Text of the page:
To prevent a Lokpal debacle, Government delays Monsoon Session by two weeks

In an attempt to buy time, the Government of India has decided to delay the Monsoon session of Parliament by two weeks.

The move will help the Government thrash out all the formalities of framing the Lokpal bill. It was earlier scheduled to convene the Parliament by mid July and present the draft Lokpal bill.

There is also an indication that the Prime Minister will reshuffle his Cabinet before the session.

“The Cabinet Committee on Parliament Affairs has decided to recommend to the President to convene the session of the Parliament by 1st of August,” Parliamentary affairs minister Pawan Kumar Bansal said.

The Monsoon Session, expected to be a stormy one with allegations of corruption and other issues, will last from 1st of August to 8 September, according to the new schedule.

The move is likely to disappoint the opposition parties like BJP which had been getting ready to launch a vociferous attack on the Government starting from mid July. The delay will give the Government much needed time to get its act together and also force the opposition parties to come out openly with their inputs on the Lokpal bill.

While the same could have been done in the Parliament also, the proceedings would have been open to the public, giving an opportunity to the opposition to score brownie points. Besides, the Government will not be ready with a clear Lokpal bill if the session is to start in three weeks.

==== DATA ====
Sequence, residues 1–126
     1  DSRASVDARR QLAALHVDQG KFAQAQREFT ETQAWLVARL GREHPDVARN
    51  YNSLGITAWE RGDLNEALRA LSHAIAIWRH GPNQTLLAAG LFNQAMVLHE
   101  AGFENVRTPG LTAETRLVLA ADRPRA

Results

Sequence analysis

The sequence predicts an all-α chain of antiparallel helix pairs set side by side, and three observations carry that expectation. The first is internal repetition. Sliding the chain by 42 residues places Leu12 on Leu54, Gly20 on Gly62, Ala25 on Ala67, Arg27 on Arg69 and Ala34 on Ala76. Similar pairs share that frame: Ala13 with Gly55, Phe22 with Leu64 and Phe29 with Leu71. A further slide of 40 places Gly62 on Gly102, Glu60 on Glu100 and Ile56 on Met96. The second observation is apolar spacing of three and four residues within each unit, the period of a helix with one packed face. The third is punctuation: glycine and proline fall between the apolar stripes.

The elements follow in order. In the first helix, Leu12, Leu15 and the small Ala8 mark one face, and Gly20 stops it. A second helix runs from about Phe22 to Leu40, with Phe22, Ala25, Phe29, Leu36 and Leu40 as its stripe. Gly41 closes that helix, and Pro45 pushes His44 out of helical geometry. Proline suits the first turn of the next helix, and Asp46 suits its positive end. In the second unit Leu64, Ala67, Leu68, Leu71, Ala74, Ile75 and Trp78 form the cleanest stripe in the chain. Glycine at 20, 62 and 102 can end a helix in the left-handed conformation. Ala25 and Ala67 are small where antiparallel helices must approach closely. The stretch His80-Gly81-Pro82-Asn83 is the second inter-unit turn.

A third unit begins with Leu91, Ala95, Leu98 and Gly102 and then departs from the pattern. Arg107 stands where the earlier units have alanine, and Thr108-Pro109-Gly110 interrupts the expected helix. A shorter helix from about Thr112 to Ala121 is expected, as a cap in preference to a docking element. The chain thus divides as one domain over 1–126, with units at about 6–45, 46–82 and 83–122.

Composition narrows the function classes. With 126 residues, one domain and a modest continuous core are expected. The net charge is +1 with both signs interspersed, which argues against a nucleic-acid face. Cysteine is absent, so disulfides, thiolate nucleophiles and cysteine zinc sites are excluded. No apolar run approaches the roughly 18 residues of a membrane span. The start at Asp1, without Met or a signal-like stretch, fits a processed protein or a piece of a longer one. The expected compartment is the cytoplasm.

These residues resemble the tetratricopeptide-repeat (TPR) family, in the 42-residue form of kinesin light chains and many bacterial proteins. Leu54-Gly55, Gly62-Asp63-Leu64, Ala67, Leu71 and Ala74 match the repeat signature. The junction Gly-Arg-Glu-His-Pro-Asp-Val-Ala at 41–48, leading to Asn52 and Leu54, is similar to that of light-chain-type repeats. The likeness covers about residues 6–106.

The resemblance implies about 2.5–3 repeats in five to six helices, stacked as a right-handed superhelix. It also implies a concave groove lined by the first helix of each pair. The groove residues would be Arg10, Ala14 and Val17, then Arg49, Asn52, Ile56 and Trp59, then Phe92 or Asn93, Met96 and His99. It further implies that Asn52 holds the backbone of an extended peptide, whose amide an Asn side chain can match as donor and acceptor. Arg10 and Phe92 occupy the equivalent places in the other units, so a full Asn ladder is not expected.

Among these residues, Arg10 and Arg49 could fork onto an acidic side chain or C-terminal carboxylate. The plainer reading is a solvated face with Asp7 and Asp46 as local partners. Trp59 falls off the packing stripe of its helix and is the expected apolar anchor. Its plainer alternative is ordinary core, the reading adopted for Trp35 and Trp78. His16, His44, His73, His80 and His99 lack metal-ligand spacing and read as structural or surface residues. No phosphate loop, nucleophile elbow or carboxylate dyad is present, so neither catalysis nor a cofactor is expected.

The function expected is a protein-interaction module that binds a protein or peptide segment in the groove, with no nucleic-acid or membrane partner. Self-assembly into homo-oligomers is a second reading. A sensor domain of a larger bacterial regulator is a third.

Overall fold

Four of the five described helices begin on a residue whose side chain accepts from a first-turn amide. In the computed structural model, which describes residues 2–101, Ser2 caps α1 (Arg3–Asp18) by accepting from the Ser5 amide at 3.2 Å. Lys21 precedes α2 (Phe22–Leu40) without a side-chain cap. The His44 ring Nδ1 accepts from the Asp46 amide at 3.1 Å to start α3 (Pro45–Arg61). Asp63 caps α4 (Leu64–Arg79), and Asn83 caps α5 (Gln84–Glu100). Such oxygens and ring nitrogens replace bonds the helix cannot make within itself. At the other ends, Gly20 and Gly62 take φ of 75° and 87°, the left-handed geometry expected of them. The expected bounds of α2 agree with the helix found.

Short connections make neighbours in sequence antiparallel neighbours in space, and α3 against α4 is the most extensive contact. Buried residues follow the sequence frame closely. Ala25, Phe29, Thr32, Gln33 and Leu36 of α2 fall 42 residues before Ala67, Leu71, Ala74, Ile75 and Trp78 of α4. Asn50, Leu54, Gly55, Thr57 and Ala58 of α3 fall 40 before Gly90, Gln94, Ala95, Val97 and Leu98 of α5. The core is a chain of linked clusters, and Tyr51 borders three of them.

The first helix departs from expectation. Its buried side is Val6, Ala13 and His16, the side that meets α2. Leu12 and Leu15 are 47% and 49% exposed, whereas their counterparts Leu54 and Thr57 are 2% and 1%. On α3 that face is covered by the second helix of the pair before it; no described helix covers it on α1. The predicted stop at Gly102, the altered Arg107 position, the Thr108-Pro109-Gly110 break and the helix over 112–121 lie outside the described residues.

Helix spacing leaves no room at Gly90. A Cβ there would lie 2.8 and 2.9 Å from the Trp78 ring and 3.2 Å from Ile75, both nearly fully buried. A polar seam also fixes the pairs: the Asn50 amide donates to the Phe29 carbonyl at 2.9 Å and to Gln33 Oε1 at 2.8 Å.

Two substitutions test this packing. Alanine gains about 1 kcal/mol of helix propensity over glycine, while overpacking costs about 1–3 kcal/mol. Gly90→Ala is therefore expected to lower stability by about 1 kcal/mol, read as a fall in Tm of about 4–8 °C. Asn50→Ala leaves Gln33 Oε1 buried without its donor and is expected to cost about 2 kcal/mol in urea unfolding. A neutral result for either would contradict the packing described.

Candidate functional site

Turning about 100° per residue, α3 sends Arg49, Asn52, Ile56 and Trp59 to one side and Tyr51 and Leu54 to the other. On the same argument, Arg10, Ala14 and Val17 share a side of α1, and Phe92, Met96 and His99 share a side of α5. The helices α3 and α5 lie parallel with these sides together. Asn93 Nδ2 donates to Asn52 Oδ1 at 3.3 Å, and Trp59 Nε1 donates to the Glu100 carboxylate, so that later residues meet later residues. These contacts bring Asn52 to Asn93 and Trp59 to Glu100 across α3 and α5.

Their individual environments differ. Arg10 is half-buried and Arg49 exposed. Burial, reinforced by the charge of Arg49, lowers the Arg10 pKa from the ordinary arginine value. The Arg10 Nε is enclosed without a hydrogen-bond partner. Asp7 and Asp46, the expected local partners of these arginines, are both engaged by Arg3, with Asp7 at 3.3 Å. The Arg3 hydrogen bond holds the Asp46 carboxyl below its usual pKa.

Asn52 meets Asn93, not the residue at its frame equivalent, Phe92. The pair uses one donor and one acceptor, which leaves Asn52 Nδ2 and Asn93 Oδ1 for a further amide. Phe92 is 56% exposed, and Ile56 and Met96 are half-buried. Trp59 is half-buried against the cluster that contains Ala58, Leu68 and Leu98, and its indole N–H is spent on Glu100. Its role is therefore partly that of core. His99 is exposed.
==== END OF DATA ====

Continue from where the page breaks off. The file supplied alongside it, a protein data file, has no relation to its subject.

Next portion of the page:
With nearly 40 days remaining, the government now hopes to arrive at a consensus on the bill, away from the public glare associated with Parliamentary sessions.

The government and the opposition parties are playing a game of wills over the Lokpal issue, with the latter trying very hard to avoid committing to any particular position on the bill. Though privately skeptical of a strong Lokpal, the opposition parties have been playing a double game by not expressing their concerns and at the same time attacking the Government for doing so.

The government feels that calling the Parliamentary Session in such a situation will only give a powerful platform for the opposition parties to attack them.